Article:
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CMOS VLSI Design Lecture 1 3 : Design for Low Power PowerPoint Presentation
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CMOS VLSI Design Lecture 1 3 : Design for Low Power

CMOS VLSI Design Lecture 1 3 : Design for Low Power

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CMOS VLSI Design Lecture 1 3 : Design for Low Power

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  1. CMOS VLSIDesignLecture 13: Design for Low Power 11/27/2007, UTPA (adopted from Harris’ lecture notes)

  2. Outline • Why low power design? • Power and Energy • Dynamic Power • Static Power • Low Power Design 13: Design for Low Power

  3. Needs for Low Power VLSI Chips • Power dissipation was neglected due to • Low device density • Low operating frequency • Now it is important issue due to • High device density • High operating frequency • Proliferation of portable consumer electronics • Concerns on Environments and energy sources 13: Design for Low Power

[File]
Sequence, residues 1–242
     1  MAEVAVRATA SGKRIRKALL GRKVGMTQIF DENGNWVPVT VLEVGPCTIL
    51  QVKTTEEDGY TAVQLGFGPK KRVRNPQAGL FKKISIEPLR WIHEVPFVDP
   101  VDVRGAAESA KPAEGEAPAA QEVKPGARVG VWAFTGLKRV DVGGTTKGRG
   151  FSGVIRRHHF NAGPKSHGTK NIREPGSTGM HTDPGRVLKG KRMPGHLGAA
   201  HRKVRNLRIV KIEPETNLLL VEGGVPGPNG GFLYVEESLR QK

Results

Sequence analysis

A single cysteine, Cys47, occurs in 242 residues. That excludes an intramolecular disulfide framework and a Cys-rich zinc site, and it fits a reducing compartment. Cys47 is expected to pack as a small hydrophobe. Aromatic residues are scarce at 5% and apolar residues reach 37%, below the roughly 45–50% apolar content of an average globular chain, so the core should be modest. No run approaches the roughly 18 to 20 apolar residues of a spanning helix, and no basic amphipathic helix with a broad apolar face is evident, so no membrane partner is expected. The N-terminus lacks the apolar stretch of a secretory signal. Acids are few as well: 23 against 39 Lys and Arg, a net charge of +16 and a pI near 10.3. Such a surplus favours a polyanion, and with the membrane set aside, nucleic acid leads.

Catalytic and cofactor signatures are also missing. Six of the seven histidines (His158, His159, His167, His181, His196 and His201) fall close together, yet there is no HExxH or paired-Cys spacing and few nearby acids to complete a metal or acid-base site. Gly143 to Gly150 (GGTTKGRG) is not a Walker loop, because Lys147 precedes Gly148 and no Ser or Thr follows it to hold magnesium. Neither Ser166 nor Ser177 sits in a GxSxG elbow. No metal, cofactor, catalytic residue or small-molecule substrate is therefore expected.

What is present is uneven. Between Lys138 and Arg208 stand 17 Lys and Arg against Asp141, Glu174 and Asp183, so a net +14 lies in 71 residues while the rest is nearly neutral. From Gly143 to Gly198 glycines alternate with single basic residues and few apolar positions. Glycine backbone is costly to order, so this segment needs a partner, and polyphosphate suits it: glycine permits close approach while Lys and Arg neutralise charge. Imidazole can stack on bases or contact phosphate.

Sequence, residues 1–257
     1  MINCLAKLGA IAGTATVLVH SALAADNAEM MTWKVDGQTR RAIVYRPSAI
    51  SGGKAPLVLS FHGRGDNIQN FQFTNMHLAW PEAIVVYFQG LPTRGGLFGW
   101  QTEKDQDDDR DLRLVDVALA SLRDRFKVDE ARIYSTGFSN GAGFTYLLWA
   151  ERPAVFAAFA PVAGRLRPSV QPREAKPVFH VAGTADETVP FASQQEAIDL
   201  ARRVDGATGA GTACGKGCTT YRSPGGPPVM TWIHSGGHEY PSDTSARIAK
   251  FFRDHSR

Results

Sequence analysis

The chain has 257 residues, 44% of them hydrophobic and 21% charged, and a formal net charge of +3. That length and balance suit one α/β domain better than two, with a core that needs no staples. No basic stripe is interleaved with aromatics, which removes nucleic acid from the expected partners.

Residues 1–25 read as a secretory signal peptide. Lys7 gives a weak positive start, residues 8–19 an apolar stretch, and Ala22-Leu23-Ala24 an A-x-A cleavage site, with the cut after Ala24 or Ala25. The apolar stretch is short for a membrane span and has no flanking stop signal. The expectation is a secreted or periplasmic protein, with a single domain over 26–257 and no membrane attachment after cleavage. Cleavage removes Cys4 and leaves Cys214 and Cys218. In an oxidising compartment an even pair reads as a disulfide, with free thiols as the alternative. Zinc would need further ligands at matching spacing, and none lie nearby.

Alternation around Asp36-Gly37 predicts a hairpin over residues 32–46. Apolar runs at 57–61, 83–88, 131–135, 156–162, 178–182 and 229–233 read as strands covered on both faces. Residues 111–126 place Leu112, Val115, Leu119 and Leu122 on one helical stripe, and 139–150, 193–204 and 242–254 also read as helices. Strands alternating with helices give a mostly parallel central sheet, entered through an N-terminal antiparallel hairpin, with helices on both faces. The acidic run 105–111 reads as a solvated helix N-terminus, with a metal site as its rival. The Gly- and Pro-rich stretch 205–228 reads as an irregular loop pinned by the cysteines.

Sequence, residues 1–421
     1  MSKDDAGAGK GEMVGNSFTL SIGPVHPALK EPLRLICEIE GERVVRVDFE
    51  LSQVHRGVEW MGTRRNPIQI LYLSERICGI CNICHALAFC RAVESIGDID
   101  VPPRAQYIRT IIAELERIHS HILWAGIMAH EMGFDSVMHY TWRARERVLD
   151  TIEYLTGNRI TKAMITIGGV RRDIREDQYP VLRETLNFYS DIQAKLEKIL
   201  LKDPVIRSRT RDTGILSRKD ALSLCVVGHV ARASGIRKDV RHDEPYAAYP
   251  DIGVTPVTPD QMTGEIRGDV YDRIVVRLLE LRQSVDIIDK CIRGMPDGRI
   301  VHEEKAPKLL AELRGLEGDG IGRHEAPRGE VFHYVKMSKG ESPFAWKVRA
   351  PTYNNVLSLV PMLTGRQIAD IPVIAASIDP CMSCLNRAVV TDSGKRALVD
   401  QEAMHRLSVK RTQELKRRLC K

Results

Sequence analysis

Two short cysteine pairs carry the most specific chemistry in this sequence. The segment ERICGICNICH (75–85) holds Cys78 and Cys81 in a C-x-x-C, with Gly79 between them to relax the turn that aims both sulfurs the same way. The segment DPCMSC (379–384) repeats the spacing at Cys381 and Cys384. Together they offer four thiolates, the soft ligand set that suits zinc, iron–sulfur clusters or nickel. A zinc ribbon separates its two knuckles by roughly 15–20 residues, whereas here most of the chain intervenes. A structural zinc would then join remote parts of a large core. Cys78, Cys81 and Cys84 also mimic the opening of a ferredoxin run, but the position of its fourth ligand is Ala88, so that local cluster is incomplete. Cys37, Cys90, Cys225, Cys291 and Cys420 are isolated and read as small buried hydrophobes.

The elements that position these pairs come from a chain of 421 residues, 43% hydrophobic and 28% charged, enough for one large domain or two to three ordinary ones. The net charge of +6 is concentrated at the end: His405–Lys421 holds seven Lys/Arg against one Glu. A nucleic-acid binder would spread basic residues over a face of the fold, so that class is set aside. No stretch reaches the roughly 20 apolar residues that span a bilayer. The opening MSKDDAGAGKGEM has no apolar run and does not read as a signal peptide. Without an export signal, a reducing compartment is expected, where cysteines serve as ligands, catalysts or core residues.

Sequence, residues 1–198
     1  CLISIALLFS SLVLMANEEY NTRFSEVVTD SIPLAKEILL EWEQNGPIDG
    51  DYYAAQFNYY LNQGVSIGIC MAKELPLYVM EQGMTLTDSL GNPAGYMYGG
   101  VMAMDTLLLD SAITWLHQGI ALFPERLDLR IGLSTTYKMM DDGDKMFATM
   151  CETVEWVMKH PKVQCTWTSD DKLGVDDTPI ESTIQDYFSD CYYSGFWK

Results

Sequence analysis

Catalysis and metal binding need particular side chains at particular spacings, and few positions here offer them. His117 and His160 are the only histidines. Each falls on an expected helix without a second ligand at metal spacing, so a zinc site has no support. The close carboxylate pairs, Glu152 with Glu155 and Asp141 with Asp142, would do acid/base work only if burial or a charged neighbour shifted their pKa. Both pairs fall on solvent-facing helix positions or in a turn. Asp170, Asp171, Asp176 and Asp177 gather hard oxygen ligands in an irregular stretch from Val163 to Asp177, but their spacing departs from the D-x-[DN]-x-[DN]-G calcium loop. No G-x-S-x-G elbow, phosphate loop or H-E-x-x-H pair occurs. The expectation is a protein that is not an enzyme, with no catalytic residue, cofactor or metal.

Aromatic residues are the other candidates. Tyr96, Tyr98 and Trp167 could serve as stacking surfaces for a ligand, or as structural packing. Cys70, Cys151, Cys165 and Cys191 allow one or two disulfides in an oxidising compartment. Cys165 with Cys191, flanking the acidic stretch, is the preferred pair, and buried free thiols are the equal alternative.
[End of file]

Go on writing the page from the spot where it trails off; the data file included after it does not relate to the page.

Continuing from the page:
4. Moore’s Law • In 1965, Gordon Moore noted that the number of transistors on a chip doubled every 18 to 24 months. • He made a prediction that semiconductor technology will double its effectiveness every 18 months 13: Design for Low Power

  5. Moore’s Law Electronics, April 19, 1965. 13: Design for Low Power

  6. Evolution in Complexity 13: Design for Low Power

  7. Transistor Counts 1 Billion Transistors K 1,000,000 100,000 Pentium® III 10,000 Pentium® II Pentium® Pro 1,000 Pentium® i486 i386 100 80286 8086 10 Source: Intel 1 1975 1980 1985 1990 1995 2000 2005 2010 Projected 13: Design for Low Power Courtesy, Intel

  8. Moore’s law in Microprocessors 1000 2X growth in 1.96 years! 100 10 P6 Pentium® proc Transistors (MT) 486 1 386 0.1 286 8086 8085 0.01 8080 8008 4004 0.001 1970 1980 1990 2000 2010 Year Transistors on Lead Microprocessors double every 2 years 13: Design for Low Power Courtesy, Intel

  9. Die Size Growth 100 P6 Pentium ® proc 486 Die size (mm) 10 386 286 8080 8086 ~7% growth per year 8085 8008 ~2X growth in 10 years 4004 1 1970 1980 1990 2000 2010 Year Die size grows by 14% to satisfy Moore’s Law 13: Design for Low Power Courtesy, Intel

  10. Frequency 10000 Doubles every2 years 1000 P6 100 Pentium ® proc Frequency (Mhz) 486 386 10 8085 286 8086 8080 1 8008 4004 0.1 1970 1980 1990 2000 2010 Year Lead Microprocessors frequency doubles every 2 years 13: Design for Low Power Courtesy, Intel

  11. Power Dissipation 100 P6 Pentium ® proc 10 486 286 8086 Power (Watts) 386 8085 1 8080 8008 4004 0.1 1971 1974 1978 1985 1992 2000 Year Lead Microprocessors power continues to increase 13: Design for Low Power Courtesy, Intel